Interviews
Interview with John Parish 1

 

From the Funky Mofo archives: Funky Mofo talks with John Parish, musician/producer extraordinaire.

First of all, can you tell us what the Funky Mofo you’re doing in the Loire Valley? Sampling the local Saumur white wine?

Working actually – that’s not to say no wine has been drunk over the past two or three weeks, although I generally drink red – in a studio called Black Box, full of great vintage gear & a lot of animals. We usually have to chase the chickens out of the drum room in the morning, yesterday there was a bat asleep in the main recording room for the whole day – we left the door open last night and it was gone this morning.

You worked with Eric Drew Feldman who himself has worked with dEUS another Belgian band and you produced a soundtrack for the film Rosie (a Belgian feature). Could you explain how you came to work with Thou?

I got sent a cd of theirs along with a recommendation from a Belgian record label friend of mine. I thought it was great. Bart & Does (the singer/writers of the band) came over to Bristol for a couple of days. We got along well and decided to make a record together – That was ‘Put us in tune’ which came out in 2000. This is the second album we’ve done together.

The Thou website advertises ‘Elvis or Betty Boop?’ as their new album, are the band back in the studio already? And if so, why choose the black box studio in Angers, France to record?

‘Elvis or betty boop’ is their last album, although I guess it’s not that new now – it is great though, and I highly recommend it. The choice of studio was mine – I’d heard good things about (and from) this place for a number of years but had never had a chance to work here – it was always booked whenever I had a project thatmight have worked here. There was quite a lot of notice for this record so I booked the studio nice and early.

Keeping with the European vibe, what’s your view on Sweden deciding against joining the Euro currency?

I have mixed feelings about this. as I travel a lot, having fewer currencies would be easier and cheaper for me. I think that a lot of people are more hostile to the idea of relinquishing their own currency because it feels like losing part of their national identity as opposed to any specific economic argument against a single european currency. As far as I’m concerned money is paper & tokens that you exchange for goods. I’m in France now and it certainly doesn’t seem any less french or any more say german now they have the euro. Apparently things did get more expensive though…but I guess that’s what you’d expect. That was a general european summary as opposed to Sweden which is what you asked..sorry.

You seem very au fait with the European scene, we want to know what it is about people like Françoiz Breut or Dominique A that makes you tick?

It’s funny how we all (and I include myself in this) automatically refer to a Europe that does not include Britain… but knowing you mean the big bit of land to the west of us [we think he means east, ndr], what I like about a lot of french & belgian (and other) bands is that they seem less fashion oriented/concerned with self-image than their british peers and that makes their music more honest, more genuinely emotional, less respectful of borders. that’s not to say britain doesn’t produce great bands obviously. Historically Britain’s been leagues ahead, but in the past 8 or 10 years I think there’s been more interesting music coming from outside.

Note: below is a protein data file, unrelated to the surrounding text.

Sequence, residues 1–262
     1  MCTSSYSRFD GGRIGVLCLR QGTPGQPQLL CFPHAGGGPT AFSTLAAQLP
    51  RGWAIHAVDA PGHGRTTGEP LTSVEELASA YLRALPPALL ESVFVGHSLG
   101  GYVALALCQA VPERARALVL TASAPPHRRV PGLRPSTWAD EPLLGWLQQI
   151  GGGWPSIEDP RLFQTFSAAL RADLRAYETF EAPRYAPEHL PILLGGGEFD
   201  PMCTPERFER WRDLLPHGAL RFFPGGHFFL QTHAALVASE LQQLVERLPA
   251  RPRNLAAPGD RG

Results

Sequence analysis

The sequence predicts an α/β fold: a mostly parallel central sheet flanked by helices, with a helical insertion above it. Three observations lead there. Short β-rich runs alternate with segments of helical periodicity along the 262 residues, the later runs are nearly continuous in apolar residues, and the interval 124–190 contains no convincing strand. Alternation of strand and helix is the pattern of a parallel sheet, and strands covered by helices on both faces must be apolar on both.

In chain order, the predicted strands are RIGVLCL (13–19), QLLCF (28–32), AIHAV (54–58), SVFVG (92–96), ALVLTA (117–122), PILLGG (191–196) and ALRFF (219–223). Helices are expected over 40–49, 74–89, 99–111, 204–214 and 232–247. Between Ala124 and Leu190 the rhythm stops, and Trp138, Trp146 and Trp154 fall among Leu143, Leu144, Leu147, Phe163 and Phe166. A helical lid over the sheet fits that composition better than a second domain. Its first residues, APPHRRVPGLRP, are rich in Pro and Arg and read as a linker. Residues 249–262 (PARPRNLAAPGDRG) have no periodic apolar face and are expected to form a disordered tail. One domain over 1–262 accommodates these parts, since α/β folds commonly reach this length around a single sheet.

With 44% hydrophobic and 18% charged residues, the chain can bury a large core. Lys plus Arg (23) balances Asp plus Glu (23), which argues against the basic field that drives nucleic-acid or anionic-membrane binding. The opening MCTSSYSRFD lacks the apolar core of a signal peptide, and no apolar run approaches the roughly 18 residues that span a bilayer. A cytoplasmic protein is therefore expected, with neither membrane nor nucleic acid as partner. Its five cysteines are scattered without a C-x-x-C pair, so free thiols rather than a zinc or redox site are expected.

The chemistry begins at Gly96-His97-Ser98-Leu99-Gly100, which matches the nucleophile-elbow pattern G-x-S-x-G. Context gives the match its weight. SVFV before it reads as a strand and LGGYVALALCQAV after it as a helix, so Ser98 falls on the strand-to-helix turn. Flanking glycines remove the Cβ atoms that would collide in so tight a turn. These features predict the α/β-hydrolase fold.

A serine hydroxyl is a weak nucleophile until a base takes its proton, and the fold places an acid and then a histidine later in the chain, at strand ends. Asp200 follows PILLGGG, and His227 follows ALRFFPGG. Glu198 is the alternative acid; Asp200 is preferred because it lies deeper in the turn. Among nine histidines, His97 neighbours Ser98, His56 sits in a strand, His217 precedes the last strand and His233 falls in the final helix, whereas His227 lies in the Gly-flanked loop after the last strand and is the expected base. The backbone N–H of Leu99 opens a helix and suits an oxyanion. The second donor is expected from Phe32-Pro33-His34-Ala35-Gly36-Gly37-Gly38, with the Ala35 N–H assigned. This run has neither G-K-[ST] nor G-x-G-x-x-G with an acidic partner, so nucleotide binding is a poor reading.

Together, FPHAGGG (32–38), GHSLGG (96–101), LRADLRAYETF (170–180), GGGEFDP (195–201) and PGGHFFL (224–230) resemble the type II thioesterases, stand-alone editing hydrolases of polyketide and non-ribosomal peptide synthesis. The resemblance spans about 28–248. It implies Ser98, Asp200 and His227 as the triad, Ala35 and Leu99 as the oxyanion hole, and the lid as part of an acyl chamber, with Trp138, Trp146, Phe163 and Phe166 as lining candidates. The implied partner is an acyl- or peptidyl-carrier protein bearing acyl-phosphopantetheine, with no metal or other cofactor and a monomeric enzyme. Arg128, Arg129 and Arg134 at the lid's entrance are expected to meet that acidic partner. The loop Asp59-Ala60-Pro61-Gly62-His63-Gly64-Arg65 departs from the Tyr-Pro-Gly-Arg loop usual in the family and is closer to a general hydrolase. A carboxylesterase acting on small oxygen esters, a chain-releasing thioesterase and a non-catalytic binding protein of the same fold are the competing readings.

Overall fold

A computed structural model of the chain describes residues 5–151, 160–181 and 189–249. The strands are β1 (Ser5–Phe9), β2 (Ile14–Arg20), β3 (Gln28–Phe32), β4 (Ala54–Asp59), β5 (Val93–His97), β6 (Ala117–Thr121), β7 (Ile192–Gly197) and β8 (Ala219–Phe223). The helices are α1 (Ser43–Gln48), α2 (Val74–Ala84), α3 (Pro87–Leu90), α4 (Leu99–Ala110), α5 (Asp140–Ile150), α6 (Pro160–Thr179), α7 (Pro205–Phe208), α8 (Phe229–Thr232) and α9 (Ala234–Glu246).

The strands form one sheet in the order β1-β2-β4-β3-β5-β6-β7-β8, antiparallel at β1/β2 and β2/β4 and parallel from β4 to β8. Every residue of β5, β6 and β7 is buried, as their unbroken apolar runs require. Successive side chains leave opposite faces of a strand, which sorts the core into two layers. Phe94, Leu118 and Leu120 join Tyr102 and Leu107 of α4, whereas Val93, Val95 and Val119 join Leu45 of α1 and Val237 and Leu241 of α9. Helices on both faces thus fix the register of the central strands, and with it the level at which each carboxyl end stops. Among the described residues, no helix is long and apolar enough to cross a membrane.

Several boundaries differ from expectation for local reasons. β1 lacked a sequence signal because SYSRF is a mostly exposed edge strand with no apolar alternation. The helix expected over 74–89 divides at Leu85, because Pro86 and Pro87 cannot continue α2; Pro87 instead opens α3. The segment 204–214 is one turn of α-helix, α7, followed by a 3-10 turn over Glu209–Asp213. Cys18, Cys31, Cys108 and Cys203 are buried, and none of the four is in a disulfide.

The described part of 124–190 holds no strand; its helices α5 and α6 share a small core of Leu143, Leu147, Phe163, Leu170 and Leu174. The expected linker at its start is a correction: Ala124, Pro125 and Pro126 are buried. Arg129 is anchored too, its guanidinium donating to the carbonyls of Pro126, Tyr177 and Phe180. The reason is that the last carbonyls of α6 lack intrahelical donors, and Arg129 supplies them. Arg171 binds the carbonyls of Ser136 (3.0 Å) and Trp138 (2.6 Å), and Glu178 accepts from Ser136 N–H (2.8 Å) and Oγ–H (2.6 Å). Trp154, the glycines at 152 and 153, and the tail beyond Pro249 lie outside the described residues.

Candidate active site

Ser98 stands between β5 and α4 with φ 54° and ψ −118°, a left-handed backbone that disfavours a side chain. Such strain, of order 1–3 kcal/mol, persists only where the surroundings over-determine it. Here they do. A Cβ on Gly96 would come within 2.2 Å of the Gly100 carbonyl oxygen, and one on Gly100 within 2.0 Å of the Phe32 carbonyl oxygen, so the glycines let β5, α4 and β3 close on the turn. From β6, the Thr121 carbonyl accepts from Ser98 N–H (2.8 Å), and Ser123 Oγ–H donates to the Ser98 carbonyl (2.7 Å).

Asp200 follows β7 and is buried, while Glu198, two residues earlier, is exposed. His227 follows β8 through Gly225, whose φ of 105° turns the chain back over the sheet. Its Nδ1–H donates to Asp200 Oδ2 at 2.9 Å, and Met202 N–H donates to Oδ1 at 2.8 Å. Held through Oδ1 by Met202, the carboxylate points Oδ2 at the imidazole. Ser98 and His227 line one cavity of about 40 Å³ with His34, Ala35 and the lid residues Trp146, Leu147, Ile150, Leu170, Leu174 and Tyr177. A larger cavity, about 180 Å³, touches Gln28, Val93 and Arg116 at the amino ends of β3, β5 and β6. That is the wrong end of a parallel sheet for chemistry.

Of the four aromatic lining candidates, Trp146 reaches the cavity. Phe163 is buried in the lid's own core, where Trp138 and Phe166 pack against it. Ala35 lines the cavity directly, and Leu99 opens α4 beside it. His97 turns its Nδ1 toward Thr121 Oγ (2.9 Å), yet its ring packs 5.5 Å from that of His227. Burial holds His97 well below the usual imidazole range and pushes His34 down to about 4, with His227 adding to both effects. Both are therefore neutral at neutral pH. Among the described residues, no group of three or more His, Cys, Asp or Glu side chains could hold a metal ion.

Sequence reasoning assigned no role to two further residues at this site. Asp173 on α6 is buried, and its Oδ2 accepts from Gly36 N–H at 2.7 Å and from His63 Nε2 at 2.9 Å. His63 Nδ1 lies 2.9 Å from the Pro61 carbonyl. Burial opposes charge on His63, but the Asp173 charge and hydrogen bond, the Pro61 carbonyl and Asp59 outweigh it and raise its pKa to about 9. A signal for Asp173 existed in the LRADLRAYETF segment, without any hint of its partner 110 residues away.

What would you recommend to the readers out there who want to expand their musical horizons beyond those Anglo-Saxon barriers? It is not necessary to be fluent in any foreign language to appreciate its musicality, this we don’t say enough!

For sure. well, as you already mentioned – you could do a lot worse than start with Dominique A & Francoiz Breut – together or seperately. I particularly recommend the first Francoiz album, and the record I made with Dominique – Auguri. Without wishing just to promote stuff I have been involved with (actually I had nothing to do with the Francoiz albums) I’d also recommend the forthcoming Cesare Basile album which I mixed in Sicily earlier this year – Gran Calavera Eletrica. It’s out on Oct. 10th – your only hope of getting it in the UK is via the web of course…

Music doesn’t always need vocals and/or words to tell a story and yet it is possible to create beautiful soundscapes as you have on ‘How Animals Move’, and those who have had the fortune to experience it live, like I have, would agree with me. How do you compose and what input do musicians like Jim Barr, Ben Shillabeer, Jesse Morningstar or Clare McTaggart have in the making of the music?

Although I wrote the music – melody & chord structure at least – all the musicians played a vital role – and most of the music was written specifically with those players in mind. The band that recorded & toured ‘How Animals Move’ was split pretty much in half between those who played the framework of the pieces (generally Clare-violin, Aaron-cornet, Ben-guitar/keys, Jim-bass, Tammy-drums) and those who created atmosphere/colour around the framework (Adrian-guitar, Jeremy-slide guitar, Jesse-treated violin/percussion)

On a final note, what’s your favourite colour? Er, sorry, really – what more (more! more!) have you got in store for us?

After the Thou record my whole family is temporarily relocating to the desert in Tucson, Arizona for the winter. My wife Michelle will be writing a book. I’ll be producing an album for swiss band Magic Rays , finishing the new Giant Sand album which we started in Denmark earlier this summer and trying to stop the kids getting stuck on cactus spikes…

Jo Whitby & C.B Lux

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